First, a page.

"There is going to be a long gestation period and the impact needs to work its way through," Latif said. "We need to see how consumers react and what happens to demand."

Latif added that many businesses are still optimistic because of lower corporate tax rates. And those tax cuts, which were just talk last year, are now a real thing that companies can count on and build into their budgets. A trade war? Not yet.

"Businesses need certainty to make hiring decisions," Latif said. "Companies may hesitate to make some new investments because of trade fears but CEO confidence is still very high due to the tax cuts."

Mississippi Coronavirus Cases

Data is updated nightly.

Cases: 259117

Reported Deaths: 5668
CountyCasesDeaths
DeSoto17436187
Hinds16524328
Harrison13876199
Rankin11000217
Jackson10652187
Lee8981141
Madison8413168
Jones6552112
Forrest6101121
Lauderdale6034189
Lowndes5463119
Lafayette507393
Lamar496465
Washington4877124
Bolivar4068109
Oktibbeha401681
Panola378380
Pontotoc372155
Monroe3628105
Warren3619101
Union350563
Marshall349569
Neshoba3433152
Pearl River3380104
Leflore3079108
Lincoln300687
Sunflower289272
Hancock285360
Tate276762
Alcorn268854
Pike266580
Itawamba266261
Scott253448
Yazoo250156
Prentiss249552
Tippah245850
Copiah244549
Coahoma243654
Simpson240069
Leake234367
Grenada221171
Marion218473
Covington216972
Adams210170
Wayne206432
Winston205267
George202739
Attala195761
Newton195745
Tishomingo192461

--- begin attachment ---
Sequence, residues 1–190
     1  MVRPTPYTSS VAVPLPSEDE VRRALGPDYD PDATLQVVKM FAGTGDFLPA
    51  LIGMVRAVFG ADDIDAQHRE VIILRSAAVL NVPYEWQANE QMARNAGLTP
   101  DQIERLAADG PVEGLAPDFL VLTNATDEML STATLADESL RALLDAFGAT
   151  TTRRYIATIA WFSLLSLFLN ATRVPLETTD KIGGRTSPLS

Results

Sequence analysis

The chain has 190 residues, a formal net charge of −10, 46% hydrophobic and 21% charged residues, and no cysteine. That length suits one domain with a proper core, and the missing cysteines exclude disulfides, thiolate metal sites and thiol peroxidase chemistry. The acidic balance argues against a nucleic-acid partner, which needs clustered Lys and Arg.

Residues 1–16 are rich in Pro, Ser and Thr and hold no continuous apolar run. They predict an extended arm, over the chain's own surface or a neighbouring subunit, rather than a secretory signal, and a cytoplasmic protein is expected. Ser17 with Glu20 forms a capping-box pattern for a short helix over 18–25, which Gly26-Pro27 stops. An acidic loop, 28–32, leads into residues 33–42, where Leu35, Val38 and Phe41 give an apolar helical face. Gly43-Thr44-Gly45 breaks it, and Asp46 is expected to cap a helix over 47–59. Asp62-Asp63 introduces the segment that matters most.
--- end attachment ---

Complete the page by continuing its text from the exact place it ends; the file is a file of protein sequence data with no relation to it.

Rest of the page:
Chickasaw186144
Jasper176038
Holmes169868
Clay162735
Tallahatchie154935
Stone148424
Clarke143562
Calhoun138021
Smith125825
Yalobusha120234
Walthall113437
Greene112129
Noxubee111425
Montgomery110936
Carroll105922
Lawrence104317
Perry103231
Amite99926
Webster94324
Tunica87621
Jefferson Davis87327
Claiborne86825
Benton84023
Humphreys83624
Kemper79120
Quitman7029
Franklin68716
Choctaw62313
Wilkinson58825
Jefferson55920
Sharkey44217
Issaquena1606
Unassigned00

Alabama Coronavirus Cases

Cases: 432536

Reported Deaths: 6379
CountyCasesDeaths
Jefferson63523957
Mobile30967562
Madison27627201
Tuscaloosa21122268
Montgomery19495326
Shelby18941126
Baldwin16798188
Lee12901102
Morgan12447129
Etowah11911178
Calhoun11365205
Marshall10322119
Houston8813156
Limestone823176
Cullman8159106
Elmore8056104
DeKalb7796102
Lauderdale773399
St. Clair7705122
Talladega6347109
Walker5993174
Jackson590341
Colbert543274
Blount541186
Autauga527061
Coffee454160
Dale405482
Franklin371948
Russell345712
Chilton340972
Covington334168
Escambia328344
Dallas310196
Chambers297370
Clarke290536
Tallapoosa2665107
Pike258830
Marion250155
Lawrence249150
Winston231442
Bibb219848
Geneva206946
Marengo205229
Pickens198631
Hale180842
Barbour177836
Fayette174528
Butler171358
Cherokee162530
Henry157523
Monroe150718
Randolph143236
Washington139527
Clay128546
Crenshaw121644
Cleburne119724
Lamar119621
Macon119637
Lowndes112536
Wilcox105822
Bullock101428
Perry99118
Conecuh96320
Sumter89726
Greene76723
Coosa62215
Choctaw51624
Out of AL00
Unassigned00
Tupelo
Clear
58° wxIcon
Hi: 57° Lo: 45°
Feels Like: 58°
Columbus
Cloudy
54° wxIcon
Hi: 56° Lo: 48°
Feels Like: 54°
Oxford
Clear
55° wxIcon
Hi: 55° Lo: 42°
Feels Like: 55°
Starkville
Mostly Cloudy
52° wxIcon
Hi: 54° Lo: 47°
Feels Like: 52°
WTVA Radar
WTVA Temperatures
WTVA Severe Weather